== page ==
Traversing India's past - an outline for newer imaginations and practice

Recently there was this note, a circular and a media release where the Union Governments Ministry of Education sought people's suggestions and views to correct Indian history as presented in its textbooks. The flyer I received in my WhatsApp and from several sources proclaimed that suggestions were invited as "an exercise to remove unhistorical facts and distortions about national heroes and that new books will ensure equal representation of all periods in Indian history." Foregrounded before the image of the parliament in this instagramable note were images of Ncert's history textbooks 'Our pasts'. The target of this entire exercise was rather obvious. No other textbooks seem to have as many problems as are Ncert textbooks. Certainly there's a need for a relook of our social science textbooks leave alone history. Every political dispensation in power across the world always leans on a specific narration of the past to legitimise its politics, policies and

New pathways to social sciences - posers and arguments

RSK Sometime in the middle of last year, an year of such infamy, of disease, deaths and economic collapse, the National Education Policy (NEP 2020) did manage to stir the nation and animate the media which otherwise was so consumed by the havoc the pandemic had unleashed. Education much like health is an area where India lags not just behind the west but even its post colonial peers like China, Singapore, Korea. However India still manages to nurture a minority of students and boasts of select institutions like IITs, IIMs whose bar to entry is high but yet several thousands enter its portals and make their way to big companies and universities abroad. This irony is much like health where India boasts of some fine world class doctors and hospitals but both sit oddly with poor learning levels, i ncompetent teachers, malnourishment and limited access to basic primary healthcare. Coming to research and patents too India is a laggard with little to boast about compared to neighbouring China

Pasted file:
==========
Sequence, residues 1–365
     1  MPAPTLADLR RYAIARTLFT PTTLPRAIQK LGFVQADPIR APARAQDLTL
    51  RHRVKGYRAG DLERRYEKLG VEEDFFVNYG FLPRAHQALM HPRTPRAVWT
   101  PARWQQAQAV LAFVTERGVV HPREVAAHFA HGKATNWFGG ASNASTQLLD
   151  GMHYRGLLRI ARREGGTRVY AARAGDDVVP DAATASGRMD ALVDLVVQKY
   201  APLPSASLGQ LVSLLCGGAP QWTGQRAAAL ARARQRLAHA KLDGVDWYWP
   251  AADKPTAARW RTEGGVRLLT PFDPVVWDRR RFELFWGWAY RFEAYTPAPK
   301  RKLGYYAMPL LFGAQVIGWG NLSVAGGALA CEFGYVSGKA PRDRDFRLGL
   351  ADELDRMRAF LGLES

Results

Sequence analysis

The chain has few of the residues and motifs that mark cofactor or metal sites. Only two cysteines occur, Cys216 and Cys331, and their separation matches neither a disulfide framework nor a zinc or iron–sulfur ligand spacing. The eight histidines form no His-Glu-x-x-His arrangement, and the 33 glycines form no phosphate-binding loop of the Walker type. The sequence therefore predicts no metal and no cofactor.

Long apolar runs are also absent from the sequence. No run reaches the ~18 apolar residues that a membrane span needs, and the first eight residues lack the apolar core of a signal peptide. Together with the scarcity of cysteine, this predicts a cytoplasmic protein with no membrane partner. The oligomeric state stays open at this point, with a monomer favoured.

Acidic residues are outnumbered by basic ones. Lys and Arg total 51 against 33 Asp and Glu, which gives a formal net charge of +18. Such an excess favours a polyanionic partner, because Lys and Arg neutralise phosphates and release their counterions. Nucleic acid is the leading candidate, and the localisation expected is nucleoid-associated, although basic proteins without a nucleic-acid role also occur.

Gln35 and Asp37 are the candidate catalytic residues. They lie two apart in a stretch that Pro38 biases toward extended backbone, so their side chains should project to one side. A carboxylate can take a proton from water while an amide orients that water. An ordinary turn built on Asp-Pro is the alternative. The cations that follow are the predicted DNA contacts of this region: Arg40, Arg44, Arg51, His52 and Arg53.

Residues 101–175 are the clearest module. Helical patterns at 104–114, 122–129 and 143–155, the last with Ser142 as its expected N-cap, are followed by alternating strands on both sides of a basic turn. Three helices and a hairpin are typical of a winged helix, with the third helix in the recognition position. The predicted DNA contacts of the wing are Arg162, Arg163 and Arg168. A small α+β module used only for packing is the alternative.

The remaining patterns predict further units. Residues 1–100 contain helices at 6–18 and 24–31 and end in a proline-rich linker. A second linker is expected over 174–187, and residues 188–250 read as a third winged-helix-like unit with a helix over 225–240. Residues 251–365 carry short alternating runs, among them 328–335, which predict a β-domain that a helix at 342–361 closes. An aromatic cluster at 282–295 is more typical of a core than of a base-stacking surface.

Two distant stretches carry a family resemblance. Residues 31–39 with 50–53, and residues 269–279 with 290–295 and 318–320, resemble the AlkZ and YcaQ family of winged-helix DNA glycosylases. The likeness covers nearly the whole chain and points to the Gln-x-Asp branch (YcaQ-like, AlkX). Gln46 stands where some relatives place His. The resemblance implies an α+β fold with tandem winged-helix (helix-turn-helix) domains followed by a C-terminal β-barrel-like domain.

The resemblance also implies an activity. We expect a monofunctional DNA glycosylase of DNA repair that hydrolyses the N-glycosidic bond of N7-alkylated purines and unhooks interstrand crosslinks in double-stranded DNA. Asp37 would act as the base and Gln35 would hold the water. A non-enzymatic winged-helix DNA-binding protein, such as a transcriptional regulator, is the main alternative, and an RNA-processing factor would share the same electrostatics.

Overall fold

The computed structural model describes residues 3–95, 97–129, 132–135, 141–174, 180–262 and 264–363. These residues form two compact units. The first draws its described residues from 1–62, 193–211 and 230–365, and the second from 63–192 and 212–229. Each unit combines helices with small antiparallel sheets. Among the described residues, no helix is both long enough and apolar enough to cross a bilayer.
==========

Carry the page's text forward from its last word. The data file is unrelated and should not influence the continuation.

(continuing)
JNU - from possibilities to a pathology, its hollowing by left

The furore that a left saturated Jawaharlal Nehru University (JNU) has generated in the last few years is a matter that disconcerts many. It invited my wrath too, against an authoritarian and intrusive vice chancellor on the one hand and on the other and more, against the left academia and politics that too had violated the sanctity and possibilities, the university promised. In JNU, particularly its social science and humanities centres, we hoped for an alternative student culture and scholarship of a kind unique in a country where majority universities have ceased to be anything beyond degree awarding institutions. Even today JNU is known and to a considerable extent justifies itself by its rigorous research, exceptional faculty ushering in new models of understanding and also providing a learning environment where not just a few but a sizeable majority acquire 'skills', confidence and disposition to morph into citizens in a truer political sense. This is all the more r